Twenty eighteen was the year that temperatures scraped 90 degrees in the Norwegian Arctic; that permafrost in northern Siberia failed to freeze at all; that wildfires burned on the taiga there, as well as above the Arctic Circle in Alaska and Sweden, in the moors of northern England, in Greece, and in California, where they showed no sense of poetic restraint whatsoever and reduced a place called Paradise to ash.

23,000 fruit bats die from heat exhaustion in Cairns, Australia after record 42.9C temperatures

And where there wasn’t fire, there were floods: Hundreds died and millions were evacuated from rising waters in Japan, southern China, and the Indian state of Kerala. Venice flooded too, and Paris, where the Louvre had to close its Department of Islamic Arts, which it had consigned, ahem, to a basement. It was also the year the United Nations’ climate change body warned that, to avoid full-on cataclysm, we, the humans of planet Earth, would have just 12 years (11 now) to cut carbon emissions by 45 percent, and 32 years (31 and counting) to eliminate such emissions altogether.

Still, the weather may be the least of our problems. The fire that razed Paradise displaced 52,000 people overnight, forcing many into the ranks of California’s swelling homeless population and what passes for a safety net these days: free berths on the asphalt in a Walmart parking lot. Millions more of us will become refugees when a mega-storm drowns Miami or Manila, and when the Bay of Bengal rises high enough to swallow Bangladesh. Narendra Modi’s India is ready, and has nearly finished stretching barbed wire across the entire 2,500-mile border with Bangladesh. By conservative estimates, climate change will displace a quarter of a billion people over the next 31 years. Most will not be wealthy, and most will not be white.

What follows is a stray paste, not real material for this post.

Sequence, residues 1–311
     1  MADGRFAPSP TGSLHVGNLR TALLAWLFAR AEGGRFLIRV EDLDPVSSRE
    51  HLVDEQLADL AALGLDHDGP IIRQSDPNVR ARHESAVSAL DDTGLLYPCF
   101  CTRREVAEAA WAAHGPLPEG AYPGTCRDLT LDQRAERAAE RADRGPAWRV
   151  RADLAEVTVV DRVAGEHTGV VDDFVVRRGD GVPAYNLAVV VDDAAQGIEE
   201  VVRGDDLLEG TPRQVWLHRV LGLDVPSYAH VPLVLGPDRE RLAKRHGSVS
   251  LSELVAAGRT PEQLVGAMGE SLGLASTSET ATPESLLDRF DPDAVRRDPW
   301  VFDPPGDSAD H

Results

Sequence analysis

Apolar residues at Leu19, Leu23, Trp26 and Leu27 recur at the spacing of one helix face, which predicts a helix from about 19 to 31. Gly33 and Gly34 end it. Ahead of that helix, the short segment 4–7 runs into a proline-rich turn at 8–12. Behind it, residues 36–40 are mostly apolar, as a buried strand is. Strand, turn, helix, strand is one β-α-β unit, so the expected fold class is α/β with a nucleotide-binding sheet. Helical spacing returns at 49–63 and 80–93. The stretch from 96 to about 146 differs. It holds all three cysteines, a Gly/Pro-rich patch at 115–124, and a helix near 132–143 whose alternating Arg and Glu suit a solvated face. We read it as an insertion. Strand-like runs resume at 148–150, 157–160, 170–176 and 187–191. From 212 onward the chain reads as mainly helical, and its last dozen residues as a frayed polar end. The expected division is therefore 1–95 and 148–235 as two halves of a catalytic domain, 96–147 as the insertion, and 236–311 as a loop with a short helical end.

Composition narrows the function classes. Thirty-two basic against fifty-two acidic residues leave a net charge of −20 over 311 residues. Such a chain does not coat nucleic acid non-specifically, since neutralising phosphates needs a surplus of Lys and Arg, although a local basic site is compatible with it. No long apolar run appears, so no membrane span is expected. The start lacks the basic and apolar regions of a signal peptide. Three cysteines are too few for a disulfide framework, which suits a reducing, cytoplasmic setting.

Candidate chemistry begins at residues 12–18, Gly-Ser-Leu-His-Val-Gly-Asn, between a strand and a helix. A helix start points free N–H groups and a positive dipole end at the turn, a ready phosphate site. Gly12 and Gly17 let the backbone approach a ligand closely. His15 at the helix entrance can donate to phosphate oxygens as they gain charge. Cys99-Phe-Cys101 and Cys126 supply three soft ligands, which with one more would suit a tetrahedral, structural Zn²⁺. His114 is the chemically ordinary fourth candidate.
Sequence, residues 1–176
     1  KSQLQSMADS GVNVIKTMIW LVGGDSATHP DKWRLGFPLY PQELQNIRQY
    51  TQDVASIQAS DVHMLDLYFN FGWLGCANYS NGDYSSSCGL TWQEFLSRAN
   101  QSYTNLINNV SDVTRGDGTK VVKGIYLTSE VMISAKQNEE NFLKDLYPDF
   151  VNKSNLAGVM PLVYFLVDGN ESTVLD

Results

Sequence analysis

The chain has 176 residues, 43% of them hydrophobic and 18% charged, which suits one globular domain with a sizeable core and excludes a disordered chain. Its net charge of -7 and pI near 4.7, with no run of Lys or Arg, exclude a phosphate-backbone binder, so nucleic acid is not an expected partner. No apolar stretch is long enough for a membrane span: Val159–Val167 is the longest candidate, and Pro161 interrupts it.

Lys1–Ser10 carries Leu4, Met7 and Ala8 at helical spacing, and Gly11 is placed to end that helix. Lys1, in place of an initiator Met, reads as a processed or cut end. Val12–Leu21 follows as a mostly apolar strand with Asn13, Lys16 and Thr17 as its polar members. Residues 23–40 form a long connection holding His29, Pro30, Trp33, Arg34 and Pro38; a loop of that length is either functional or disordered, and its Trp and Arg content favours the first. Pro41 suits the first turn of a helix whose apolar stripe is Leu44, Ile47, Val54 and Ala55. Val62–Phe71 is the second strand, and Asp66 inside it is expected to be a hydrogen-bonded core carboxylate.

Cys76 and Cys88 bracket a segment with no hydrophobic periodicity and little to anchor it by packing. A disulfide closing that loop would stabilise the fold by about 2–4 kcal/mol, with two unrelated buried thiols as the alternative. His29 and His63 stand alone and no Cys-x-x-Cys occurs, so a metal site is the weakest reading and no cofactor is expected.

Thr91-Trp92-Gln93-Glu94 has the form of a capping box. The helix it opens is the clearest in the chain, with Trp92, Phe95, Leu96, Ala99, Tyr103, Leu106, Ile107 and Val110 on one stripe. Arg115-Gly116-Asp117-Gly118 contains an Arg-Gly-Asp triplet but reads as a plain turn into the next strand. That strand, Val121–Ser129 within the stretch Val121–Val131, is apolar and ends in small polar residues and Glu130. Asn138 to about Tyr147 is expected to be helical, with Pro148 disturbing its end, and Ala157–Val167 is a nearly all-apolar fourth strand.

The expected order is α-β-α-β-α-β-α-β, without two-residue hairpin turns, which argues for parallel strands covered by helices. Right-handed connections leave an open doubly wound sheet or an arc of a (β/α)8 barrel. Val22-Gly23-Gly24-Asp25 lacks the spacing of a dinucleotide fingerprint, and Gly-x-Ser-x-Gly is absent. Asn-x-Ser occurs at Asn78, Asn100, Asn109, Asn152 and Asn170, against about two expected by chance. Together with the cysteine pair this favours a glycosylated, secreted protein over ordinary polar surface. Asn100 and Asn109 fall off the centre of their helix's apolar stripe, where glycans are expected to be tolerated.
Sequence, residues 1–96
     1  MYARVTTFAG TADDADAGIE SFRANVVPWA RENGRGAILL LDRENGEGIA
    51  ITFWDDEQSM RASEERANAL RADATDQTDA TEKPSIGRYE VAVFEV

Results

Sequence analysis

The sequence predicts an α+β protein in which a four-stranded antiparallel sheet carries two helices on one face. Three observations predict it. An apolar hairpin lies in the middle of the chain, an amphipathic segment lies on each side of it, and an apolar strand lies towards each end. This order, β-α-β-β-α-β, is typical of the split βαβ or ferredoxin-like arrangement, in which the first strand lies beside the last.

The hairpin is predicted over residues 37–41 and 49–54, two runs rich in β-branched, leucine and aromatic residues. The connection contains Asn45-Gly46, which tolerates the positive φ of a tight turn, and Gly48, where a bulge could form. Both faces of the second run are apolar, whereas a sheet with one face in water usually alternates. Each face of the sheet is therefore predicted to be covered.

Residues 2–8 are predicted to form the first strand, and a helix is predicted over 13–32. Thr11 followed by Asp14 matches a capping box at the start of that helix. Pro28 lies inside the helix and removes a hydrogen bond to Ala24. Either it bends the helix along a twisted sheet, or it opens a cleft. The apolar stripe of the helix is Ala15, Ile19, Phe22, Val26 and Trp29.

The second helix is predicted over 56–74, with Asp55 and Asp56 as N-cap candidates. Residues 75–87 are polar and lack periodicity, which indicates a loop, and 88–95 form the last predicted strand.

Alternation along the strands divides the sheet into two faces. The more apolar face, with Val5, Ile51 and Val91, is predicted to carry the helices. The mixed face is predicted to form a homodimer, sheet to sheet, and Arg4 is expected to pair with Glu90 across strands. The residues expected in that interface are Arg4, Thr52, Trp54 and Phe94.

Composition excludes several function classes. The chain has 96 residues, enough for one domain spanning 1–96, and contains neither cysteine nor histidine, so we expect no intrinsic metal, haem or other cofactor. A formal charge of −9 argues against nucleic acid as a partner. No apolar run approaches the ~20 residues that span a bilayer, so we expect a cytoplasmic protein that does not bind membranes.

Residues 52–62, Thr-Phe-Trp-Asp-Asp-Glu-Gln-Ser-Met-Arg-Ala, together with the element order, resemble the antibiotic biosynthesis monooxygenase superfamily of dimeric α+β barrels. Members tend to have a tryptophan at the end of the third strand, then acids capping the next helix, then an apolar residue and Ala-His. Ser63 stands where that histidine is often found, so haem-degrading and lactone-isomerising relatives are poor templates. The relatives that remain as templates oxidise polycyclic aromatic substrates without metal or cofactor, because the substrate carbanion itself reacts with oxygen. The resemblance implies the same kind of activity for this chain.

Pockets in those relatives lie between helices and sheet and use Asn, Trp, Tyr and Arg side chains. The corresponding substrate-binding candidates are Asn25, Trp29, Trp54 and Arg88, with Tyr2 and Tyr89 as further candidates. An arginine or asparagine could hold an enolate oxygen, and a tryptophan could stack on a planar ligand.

We do know, at least, how we got here.

It was all that oil and coal that we burned, that we’re still burning. But that “we” is misleading.

It isn’t all of us, and never was.

As the Swedish scholar Andreas Malm recounts in Fossil Capital, his exhaustive account of the rise of the coal-powered steam engine, coal was initially embraced by a tiny subclass of wealthy Englishmen, the ones who owned the mills. They came to favor steam over hydropower in large part because it allowed them to erect factories in cities and towns—rather than submitting to the dictates of distant rivers and streams—giving them access to what we would now call a flexible workforce: masses of hungry urbanites accustomed to the indignities of factory labor, willing to toil for less, easily replaceable if they refused.